1. Pace is that thing that can so easily go awry. Not too fast, not too slow. It has to be just right. And that’s where lack of confidence in my voice can trip me up. If I’m not careful, I can go back and forth for days changing the same scene and never really be willing to commit for fear of not getting it right. At least grammar and spelling I can go look for a correct answer.

    These other things are so much more challenging.

  2. Julia – yeah, it’s tricky. I reckon the best way – at least this works for me – is to just write the whole thing and then see how it hangs together as a whole. You can see it much more clearly once the story has been written. For this ms, there are kind of 3 distinct movements (he, like a symphony!) – the partial, the middle bit, and then the end. Chapter 8 didn’t really fit into any of those movements. It was on its own, if that makes sense. So once I looked at the whole thing, it was easy to spot the bit that didn’t quite fit. It’s the figuring out the why that’s the tricky part though.

  3. My CPs looked at my chap 4 today and I was worried it might lack some of the intensity of the earlier chaps. So far I have a good response … hope they feel the same when they get to chap 8. Those middle chapters are a bummber huh?

  4. Joanne – yes, they are a bummer! Chapter four can mean a lessening of intensity because you’re building it all up for the end of chapter 3 right? Hope my chapter 4 was okay.

  5. Jackie, I love how honest you are. What’s said (or indeed intended) doesn’t always translate, especially when we know in our hearts that something is wrong with the scene/chapter we’re sharing. But it’s fabulous that you’ve found a solution and worked it into chapter eight.

    Reading my own stuff twelve million times, as I do, pacing is one of the things I lose sight of. Usually it’s okay. But if it’s off, it’ll be because I’ve convinced myself I “need” to have certain things happen in this particular chapter instead of giving them the natural space (and pace) they require.

  6. Yeah! Sorry Dr. J! Not a writer!

    Seriously though, and this is just about people and not writing, we forget to tell people what we think they know (you have awesome dialogue and sexy heroes) but remember criticism.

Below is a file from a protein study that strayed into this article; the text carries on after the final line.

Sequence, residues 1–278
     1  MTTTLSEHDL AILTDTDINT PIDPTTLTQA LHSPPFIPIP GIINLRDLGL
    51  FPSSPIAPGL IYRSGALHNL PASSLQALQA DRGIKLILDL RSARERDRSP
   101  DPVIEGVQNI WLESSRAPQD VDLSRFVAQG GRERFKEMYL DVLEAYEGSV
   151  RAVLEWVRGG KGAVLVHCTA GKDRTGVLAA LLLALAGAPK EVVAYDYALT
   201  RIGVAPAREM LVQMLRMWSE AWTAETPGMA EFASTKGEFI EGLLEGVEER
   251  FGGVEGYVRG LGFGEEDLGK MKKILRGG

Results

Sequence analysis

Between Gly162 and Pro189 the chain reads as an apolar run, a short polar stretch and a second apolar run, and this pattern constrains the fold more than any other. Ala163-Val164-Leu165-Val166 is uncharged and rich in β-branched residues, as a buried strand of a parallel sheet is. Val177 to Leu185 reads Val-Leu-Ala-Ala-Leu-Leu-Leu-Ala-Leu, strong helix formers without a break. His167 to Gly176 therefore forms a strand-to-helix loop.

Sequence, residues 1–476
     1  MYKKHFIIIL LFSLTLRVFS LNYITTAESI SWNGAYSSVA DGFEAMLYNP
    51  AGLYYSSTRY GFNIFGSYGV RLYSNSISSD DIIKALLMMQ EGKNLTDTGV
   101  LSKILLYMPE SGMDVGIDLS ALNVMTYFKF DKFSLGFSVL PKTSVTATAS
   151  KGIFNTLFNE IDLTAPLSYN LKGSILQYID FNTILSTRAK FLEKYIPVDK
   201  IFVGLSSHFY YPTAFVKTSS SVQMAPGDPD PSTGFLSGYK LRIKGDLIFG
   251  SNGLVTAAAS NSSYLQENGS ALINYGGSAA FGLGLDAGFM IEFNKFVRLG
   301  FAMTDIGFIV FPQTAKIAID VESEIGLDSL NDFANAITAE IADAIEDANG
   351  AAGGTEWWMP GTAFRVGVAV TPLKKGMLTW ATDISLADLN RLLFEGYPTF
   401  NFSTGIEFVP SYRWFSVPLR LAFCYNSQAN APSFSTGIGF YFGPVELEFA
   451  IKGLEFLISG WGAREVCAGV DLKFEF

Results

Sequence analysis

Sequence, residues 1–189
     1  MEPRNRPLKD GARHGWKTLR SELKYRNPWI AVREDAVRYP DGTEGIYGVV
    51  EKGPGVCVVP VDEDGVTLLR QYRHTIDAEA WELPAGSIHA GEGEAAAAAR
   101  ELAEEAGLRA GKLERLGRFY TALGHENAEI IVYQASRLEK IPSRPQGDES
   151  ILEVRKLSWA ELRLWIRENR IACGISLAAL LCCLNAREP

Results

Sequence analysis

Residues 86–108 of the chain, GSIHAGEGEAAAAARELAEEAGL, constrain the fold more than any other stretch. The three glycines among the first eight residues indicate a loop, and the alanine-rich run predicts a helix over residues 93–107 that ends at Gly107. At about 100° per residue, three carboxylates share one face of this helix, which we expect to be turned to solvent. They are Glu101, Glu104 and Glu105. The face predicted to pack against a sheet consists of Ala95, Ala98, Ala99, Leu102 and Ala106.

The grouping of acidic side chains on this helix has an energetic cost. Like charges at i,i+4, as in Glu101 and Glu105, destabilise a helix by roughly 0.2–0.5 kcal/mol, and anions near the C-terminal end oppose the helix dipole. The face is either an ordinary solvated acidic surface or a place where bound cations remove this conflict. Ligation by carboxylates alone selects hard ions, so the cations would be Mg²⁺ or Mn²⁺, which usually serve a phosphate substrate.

Plus, Dr Jax is a man, which I know is great most of the time, not as much when you want gushung compliments. 🙂

  7. The last time I let my best friend read a book of mine, she told me it was boring. Ouch. Of course, she was completely right. However, since she’s hyper critical about my writing, I’m not sure I want her reading even my published stuff.

    Usually I figure if I’m editing and I’m bored with my brilliant (cough, cough) writing, there’s probably something wrong with the tension/pacing.

    Doing a scene by scene GMC is of great help.

  8. Hi Jackie – saw mention on Subcare of some fella called David Gandy on your blog so out of curiosity I whizzed on over to take a peek (love your blog, btw). Glad I did, coz that’s a boy who could put a smile on any gal’s face!
    Anyway, drooling aside, what I really wanted to say was great post about pace. I’m like Julia, I can agonise over the same scene for days – so I like your advice about just writing the whole thing and seeing how it all fits at the end. This fits with other advice I’ve heard to simply “write forward”, but for me its easy to get stuck in one place in my ms, which of course is a great way to lose the pace of the story! Thanks for the link to Kate Walker’s post on voice too, that was excellent.

  9. Robyn – and your advice was just awesome! I now have a much better chapter 8. At least I will have once I write it. 🙂 And that’s sooo true re thinking there is stuff you ‘have’ to have instead of letting it happen naturally. My chapter 8 is a case in point.

    Maisey – Yeah, I’m guilty of that. Telling people what’s wrong and not what’s right because I think they already know they’re awesome. But of course, each ms is different and you want to know what you’re doing right as well!

    Cat – Lol! That’s harsh. Yeah, I wasn’t bored with that chapter but I did always have a sense that ‘something’ wasn’t right with it. An outside perspective helps. And definitely GMC helps too!

    Angela – thanks for visiting! He’s a bit of all right isn’t he? Sigh…Glad you found the post helpful. I write forward a lot because it’s so easy for me to get bogged down second guessing everything. Of course it does mean a first draft that needs heaps of work but it’s better than getting stuck and never finishing. Yeah, Kate’s post is awesome. Explaining ‘voice’ is so tricky.